With California’s sluggish economic recovery depressing sales-tax revenues, local governments are increasingly willing to contract out services they would never have considered outsourcing just a few years ago. Contracting for engineering and infrastructure work has been going on for decades, but areas such as park maintenance, parking-lot management, and library operations have remained mostly untouched until now. And the state’s largest public-employee union would like to keep it that way.
Only a handful of California cities and counties have contracted library- management services to private companies. Within the past year, however, two Southern California cities—Camarillo in Ventura County and Santa Clarita in Los Angeles County—decided to withdraw from their county library systems and contract with a private company called Library Systems and Services (LSSI) to operate their city libraries. Camarillo has one library; Santa Clarita has three. Obviously, that’s a tiny fraction of the more than 1,000 public libraries in California, but even that modest privatization effort was enough to worry supporters of the status quo. In February, Assemblyman Das Williams (D-Santa Barbara) introduced legislation to bar more cities from following Camarillo and Santa Clarita’s example. AB 438 passed the assembly this week on a 43-28 party-line vote. The bill awaits a hearing in the state senate.
AB 438’s purpose is clear: to make it as painful as possible for localities to withdraw from a county library system in favor of more cost-effective private management. The bill lets a city contract for library-management services only if no city or library employees would be “displaced.” Librarians couldn’t even be transferred from one library branch to another, much less laid off. Another provision would mandate that the private operator provide compensation that does not “undercut city or library district pay rates.” In short, Williams’s bill turns outsourcing inside out, effectively requiring private contractors to run city libraries just as the government would.
If AB 438 sounds like legislation only a public-employee union could love, that’s because the bill’s biggest proponent is the powerful Service Employees International Union. Williams doesn’t even pretend to hide the fact that the bill is a sop to the union. An information sheet about the measure provided by Williams’s office lists two contacts: a member of his capitol staff—and Michelle Castro, a senior SEIU lobbyist. Why is a union as big and powerful as the SEIU so worried about a seemingly minor issue like library outsourcing? SEIU’s PrivatizationBeast.org website paints a stark portrait of a public-library system at risk of being plundered by rapacious profiteers. The more nuanced answer is that outsourcing of any kind threatens the union’s monopoly position.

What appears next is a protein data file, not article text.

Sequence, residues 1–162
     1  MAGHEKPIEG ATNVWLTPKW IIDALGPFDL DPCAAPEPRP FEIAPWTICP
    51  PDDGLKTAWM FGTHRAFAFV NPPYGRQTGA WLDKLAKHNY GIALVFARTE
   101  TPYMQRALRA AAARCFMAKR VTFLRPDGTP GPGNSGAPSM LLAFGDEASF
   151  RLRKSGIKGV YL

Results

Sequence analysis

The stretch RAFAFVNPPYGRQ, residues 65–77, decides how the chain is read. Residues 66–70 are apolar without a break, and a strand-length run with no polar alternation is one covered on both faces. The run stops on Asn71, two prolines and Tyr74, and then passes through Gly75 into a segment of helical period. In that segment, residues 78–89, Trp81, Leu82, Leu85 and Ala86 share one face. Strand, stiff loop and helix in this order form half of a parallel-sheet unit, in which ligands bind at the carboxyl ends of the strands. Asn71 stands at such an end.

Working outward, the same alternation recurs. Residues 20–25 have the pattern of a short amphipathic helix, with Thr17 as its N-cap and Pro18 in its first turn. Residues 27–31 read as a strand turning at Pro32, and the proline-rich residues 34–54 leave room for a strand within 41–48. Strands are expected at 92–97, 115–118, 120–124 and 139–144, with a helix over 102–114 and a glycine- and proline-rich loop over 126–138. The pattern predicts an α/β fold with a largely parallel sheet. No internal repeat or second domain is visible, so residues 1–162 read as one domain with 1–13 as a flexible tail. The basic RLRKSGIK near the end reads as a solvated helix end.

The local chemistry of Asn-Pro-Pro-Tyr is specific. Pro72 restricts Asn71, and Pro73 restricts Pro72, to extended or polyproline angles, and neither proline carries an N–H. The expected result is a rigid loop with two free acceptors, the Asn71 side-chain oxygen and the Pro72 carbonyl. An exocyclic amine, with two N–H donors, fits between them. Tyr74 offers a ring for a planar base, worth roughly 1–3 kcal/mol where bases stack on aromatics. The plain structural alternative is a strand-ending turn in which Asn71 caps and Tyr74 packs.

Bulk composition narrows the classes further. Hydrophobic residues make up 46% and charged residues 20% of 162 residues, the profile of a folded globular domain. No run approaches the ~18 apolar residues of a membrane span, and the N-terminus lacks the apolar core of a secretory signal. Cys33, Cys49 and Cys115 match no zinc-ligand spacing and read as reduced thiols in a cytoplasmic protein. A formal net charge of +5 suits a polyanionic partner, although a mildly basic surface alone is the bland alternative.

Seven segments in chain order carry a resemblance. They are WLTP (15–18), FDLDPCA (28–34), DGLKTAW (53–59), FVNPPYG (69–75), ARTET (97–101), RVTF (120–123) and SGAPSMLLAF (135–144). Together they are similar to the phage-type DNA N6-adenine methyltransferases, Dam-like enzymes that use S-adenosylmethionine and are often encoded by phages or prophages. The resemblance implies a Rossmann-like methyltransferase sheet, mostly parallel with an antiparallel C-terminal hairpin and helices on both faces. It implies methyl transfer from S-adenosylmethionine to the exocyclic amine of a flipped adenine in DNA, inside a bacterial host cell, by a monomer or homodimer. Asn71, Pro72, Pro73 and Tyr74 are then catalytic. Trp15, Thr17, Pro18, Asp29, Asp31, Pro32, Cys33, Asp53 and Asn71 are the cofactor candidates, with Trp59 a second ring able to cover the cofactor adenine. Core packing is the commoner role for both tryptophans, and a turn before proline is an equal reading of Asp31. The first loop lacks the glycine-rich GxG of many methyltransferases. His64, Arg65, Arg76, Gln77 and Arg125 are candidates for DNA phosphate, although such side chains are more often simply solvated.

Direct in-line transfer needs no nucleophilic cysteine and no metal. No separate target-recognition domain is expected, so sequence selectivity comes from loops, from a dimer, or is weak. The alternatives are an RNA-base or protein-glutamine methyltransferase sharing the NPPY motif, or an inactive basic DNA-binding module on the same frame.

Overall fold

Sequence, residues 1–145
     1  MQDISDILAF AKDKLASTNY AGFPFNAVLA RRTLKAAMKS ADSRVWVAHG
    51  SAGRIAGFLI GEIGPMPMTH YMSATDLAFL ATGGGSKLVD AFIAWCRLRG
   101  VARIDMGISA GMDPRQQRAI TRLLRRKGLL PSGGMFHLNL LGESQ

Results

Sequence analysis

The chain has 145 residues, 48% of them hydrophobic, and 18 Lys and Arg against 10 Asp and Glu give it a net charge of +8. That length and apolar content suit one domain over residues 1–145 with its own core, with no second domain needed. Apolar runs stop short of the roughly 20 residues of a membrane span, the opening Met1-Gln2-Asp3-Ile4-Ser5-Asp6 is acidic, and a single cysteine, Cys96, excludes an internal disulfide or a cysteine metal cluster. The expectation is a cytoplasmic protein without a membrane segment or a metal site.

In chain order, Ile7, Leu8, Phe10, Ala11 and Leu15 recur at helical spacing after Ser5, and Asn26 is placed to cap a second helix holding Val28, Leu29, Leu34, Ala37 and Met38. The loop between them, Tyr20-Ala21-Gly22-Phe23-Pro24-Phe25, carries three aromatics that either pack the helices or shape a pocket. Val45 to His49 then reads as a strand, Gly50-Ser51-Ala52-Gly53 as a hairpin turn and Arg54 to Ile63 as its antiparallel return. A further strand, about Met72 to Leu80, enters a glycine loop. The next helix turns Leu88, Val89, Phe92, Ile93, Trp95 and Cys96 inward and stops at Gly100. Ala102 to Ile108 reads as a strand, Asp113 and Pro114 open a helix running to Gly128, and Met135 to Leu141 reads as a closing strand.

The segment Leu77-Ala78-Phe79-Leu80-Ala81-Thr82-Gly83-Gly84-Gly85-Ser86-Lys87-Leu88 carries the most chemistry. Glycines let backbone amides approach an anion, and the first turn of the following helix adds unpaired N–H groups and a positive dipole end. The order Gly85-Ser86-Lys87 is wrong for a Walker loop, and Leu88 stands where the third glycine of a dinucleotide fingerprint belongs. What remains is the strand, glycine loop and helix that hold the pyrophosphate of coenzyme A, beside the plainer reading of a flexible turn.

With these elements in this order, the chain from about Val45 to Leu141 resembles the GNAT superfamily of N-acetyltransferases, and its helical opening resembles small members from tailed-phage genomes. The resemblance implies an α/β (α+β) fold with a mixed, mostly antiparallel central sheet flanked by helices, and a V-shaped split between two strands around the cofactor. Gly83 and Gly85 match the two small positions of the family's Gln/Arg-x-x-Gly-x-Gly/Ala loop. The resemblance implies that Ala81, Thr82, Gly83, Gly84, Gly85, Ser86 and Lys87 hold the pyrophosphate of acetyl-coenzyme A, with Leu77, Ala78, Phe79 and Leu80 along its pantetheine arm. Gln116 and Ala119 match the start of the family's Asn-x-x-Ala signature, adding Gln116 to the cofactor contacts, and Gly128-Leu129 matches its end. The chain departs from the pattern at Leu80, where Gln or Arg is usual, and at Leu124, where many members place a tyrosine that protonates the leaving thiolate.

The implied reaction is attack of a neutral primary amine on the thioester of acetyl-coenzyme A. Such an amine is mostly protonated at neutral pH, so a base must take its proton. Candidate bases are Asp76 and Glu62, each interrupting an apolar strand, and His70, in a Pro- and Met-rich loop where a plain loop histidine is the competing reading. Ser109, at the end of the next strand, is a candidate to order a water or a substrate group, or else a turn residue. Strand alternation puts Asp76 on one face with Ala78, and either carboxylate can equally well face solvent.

The few California localities that have tried library outsourcing have seen positive results—not only in cost savings, but also in expanded library hours, programs, and services (using existing resources). Riverside County is a prominent example. The city of Riverside had operated the county’s library system for decades, but residents grew increasingly dissatisfied with deteriorating service, and so in 1997 the county board of supervisors voted to hire LSSI to turn the system around. After the first year, LSSI had slashed operating costs by nearly $1 million, all while increasing library hours by 34 percent, doubling the materials budget, boosting circulation by 15 percent, and expanding community participation in library events. Within five years, operating hours increased 86 percent, branches opened on Sundays, and staffing doubled. Over the past 13 years in Riverside County, LSSI helped oversee the construction of nine new libraries and 11 replacement facilities, as well as seven major renovations. The company introduced cutting-edge automation, helping pioneer online services that stretch library dollars even further and give patrons more access to public resources. At the same time, LSSI managed to raise an additional $5 million in funding through grants and donations from local businesses.
When Camarillo quit the Ventura County library system in 2010, officials cited Riverside’s success. They also highlighted the county library system’s bizarre financial arrangement, under which the city paid charges based on a percentage of total circulation. The more books Camarillo’s branch carried, the more the city had to pay in to the system. As a result, library officials asked the local friends of the library chapter to stop donating so many books, because it was costing the city too much money. Withdrawing from the county system and outsourcing the library to LSSI gave the city greater control and flexibility, and improved customer service almost immediately.
Many county and city librarians care deeply about their patrons. SEIU’s priority, however, is accumulating political might and maximizing its members’ job security, compensation, and benefits. The union simply can’t compete with the improved services, hours, programs, and patron satisfaction that private management has brought to libraries. So the union reverts to form: if you can’t beat them, ban them.